A When we look at our text we suddenly see that Simeon, who earlier is not ready to die, is now ready to die and even waiting to die. Simeon is ready to die, he even wants to die, because he knows exactly what is going to happen to him. He says,
(Luke 2:29) Sovereign Lord, as you have promised, you now dismiss your servant in peace.
"Let me die," he says. "Let me die in peace."

"Peace" can mean many things. The goal of the Middle-East peace talks is a state of tranquility between Israel and her neighbors so that they will no longer face the rage and havoc of war. When there is trouble in a marriage, a counselor aims for harmony between the partners. George Bush wants security, safety, and prosperity for America before next year's elections. The peace that Simeon speaks of here is none of these. Rather, he speaks of the blessed state of devout and upright men in the presence of God after death.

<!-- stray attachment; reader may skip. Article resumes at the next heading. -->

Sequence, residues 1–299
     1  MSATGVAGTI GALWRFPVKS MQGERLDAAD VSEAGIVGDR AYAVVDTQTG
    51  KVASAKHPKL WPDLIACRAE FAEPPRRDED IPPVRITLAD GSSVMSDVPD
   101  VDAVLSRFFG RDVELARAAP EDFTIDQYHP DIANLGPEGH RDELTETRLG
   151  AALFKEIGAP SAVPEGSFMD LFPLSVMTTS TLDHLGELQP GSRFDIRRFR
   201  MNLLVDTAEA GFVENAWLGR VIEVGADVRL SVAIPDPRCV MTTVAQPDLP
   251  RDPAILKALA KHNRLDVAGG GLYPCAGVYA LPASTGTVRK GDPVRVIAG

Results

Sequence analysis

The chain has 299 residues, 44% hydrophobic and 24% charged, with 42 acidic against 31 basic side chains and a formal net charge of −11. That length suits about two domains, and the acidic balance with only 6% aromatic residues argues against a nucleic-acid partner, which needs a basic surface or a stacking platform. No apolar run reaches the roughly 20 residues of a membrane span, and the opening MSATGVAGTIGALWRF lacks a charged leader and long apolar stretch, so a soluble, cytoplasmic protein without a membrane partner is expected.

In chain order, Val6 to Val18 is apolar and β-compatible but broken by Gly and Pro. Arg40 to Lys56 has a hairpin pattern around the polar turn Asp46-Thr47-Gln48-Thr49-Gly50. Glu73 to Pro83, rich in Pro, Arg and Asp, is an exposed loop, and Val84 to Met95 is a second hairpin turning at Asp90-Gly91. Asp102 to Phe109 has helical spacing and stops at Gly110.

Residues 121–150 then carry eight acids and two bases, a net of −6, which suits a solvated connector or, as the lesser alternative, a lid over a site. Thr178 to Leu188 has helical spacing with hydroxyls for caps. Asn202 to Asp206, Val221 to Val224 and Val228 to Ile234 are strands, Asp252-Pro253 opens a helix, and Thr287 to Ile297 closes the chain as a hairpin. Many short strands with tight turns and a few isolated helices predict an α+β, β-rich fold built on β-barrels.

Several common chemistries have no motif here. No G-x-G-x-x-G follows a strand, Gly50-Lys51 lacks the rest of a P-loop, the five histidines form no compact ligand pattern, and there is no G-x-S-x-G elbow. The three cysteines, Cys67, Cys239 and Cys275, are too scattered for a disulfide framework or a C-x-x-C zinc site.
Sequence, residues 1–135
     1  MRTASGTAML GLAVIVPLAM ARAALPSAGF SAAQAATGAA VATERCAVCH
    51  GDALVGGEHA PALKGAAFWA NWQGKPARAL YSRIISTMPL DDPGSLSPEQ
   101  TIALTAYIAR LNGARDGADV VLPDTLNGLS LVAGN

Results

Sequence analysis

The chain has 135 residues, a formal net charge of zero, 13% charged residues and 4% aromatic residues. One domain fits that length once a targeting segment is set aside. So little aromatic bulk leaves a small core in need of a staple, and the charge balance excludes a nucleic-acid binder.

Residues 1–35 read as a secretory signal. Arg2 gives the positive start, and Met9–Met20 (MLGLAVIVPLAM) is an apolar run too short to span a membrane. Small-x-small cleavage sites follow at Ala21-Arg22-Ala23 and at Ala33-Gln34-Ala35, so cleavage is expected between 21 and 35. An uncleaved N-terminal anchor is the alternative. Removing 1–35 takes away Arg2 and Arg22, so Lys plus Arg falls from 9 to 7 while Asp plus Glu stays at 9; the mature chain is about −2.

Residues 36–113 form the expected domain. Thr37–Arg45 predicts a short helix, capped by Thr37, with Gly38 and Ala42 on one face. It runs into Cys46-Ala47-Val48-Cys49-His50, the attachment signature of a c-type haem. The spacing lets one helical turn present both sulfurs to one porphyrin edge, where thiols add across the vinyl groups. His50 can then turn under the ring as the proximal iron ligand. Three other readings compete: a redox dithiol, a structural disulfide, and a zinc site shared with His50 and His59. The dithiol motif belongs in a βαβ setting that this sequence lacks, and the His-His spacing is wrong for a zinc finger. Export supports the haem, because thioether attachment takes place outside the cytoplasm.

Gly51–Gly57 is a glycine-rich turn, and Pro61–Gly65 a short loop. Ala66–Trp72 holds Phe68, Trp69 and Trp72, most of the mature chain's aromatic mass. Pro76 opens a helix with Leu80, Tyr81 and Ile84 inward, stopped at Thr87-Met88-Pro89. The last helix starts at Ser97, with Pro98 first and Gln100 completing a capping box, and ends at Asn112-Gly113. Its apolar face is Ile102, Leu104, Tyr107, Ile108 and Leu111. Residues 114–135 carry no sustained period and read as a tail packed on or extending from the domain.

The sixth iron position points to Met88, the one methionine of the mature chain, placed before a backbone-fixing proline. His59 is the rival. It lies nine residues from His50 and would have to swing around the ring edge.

In his book "The Best is Yet to Be", Henry Durbanville told the story of a man who lay dying and was fearful, even though he was a born-again Christian. He expressed his feelings to his Christian doctor. The physician was silent, not knowing what to say. Just then a whining and scratching was heard at the door. When the doctor opened it, in bounded his big, beautiful dog, who often went with him as he made house calls. The dog was glad to see his master. Sensing an opportunity to comfort his troubled patient, the doctor said, "My dog has never been in your room before, and he didn't know what it was like in here. But he knew I was here, and that was enough. In the same way, I'm looking forward to heaven. I don't know much about it, but I know my Savior is there. And that's all I need to know!"

"Let me die in peace," says Simeon. Simeon knows that there awaits him life with Jesus and in Jesus.

B We expect the old to die. Some of the apocryphal books tell us Simeon was 112 when he died; the death of someone that age does not surprise us. We even expect someone Andy's age to die. But death seems to be a cruel thief when it takes someone who is young. Carl Jung said that the death of someone who is not old is "a period placed before the end of the sentence." It is something that we think should never happen. Yet, it does happen all too frequently. And, it could happen with any of us as well.